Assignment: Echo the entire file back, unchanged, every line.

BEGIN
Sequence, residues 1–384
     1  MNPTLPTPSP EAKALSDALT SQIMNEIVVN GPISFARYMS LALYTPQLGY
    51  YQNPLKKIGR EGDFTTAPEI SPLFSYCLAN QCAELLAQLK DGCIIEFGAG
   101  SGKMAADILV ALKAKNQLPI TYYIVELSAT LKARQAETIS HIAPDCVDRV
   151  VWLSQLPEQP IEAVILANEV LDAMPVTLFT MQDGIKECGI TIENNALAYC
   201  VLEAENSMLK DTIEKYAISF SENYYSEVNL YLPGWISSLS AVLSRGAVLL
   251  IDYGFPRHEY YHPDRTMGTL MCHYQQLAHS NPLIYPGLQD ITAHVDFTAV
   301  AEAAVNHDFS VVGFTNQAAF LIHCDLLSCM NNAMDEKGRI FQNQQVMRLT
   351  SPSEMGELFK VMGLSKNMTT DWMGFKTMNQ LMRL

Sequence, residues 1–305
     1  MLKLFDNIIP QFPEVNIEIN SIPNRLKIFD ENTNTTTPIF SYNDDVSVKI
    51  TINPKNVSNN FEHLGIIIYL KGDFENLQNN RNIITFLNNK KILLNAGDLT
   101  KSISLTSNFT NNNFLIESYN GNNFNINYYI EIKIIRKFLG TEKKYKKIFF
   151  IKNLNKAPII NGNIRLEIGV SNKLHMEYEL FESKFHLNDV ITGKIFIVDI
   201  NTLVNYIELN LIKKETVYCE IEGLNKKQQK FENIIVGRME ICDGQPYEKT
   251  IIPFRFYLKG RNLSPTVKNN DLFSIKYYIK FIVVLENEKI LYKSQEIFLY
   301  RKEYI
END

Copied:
Sequence, residues 1–384
     1  MNPTLPTPSP EAKALSDALT SQIMNEIVVN GPISFARYMS LALYTPQLGY
    51  YQNPLKKIGR EGDFTTAPEI SPLFSYCLAN QCAELLAQLK DGCIIEFGAG
   101  SGKMAADILV ALKAKNQLPI TYYIVELSAT LKARQAETIS HIAPDCVDRV
   151  VWLSQLPEQP IEAVILANEV LDAMPVTLFT MQDGIKECGI TIENNALAYC
   201  VLEAENSMLK DTIEKYAISF SENYYSEVNL YLPGWISSLS AVLSRGAVLL
   251  IDYGFPRHEY YHPDRTMGTL MCHYQQLAHS NPLIYPGLQD ITAHVDFTAV
   301  AEAAVNHDFS VVGFTNQAAF LIHCDLLSCM NNAMDEKGRI FQNQQVMRLT
   351  SPSEMGELFK VMGLSKNMTT DWMGFKTMNQ LMRL

Sequence, residues 1–305
     1  MLKLFDNIIP QFPEVNIEIN SIPNRLKIFD ENTNTTTPIF SYNDDVSVKI
    51  TINPKNVSNN FEHLGIIIYL KGDFENLQNN RNIITFLNNK KILLNAGDLT
   101  KSISLTSNFT NNNFLIESYN GNNFNINYYI EIKIIRKFLG TEKKYKKIFF
   151  IKNLNKAPII NGNIRLEIGV SNKLHMEYEL FESKFHLNDV ITGKIFIVDI
   201  NTLVNYIELN LIKKETVYCE IEGLNKKQQK FENIIVGRME ICDGQPYEKT
   251  IIPFRFYLKG RNLSPTVKNN DLFSIKYYIK FIVVLENEKI LYKSQEIFLY
   301  RKEYI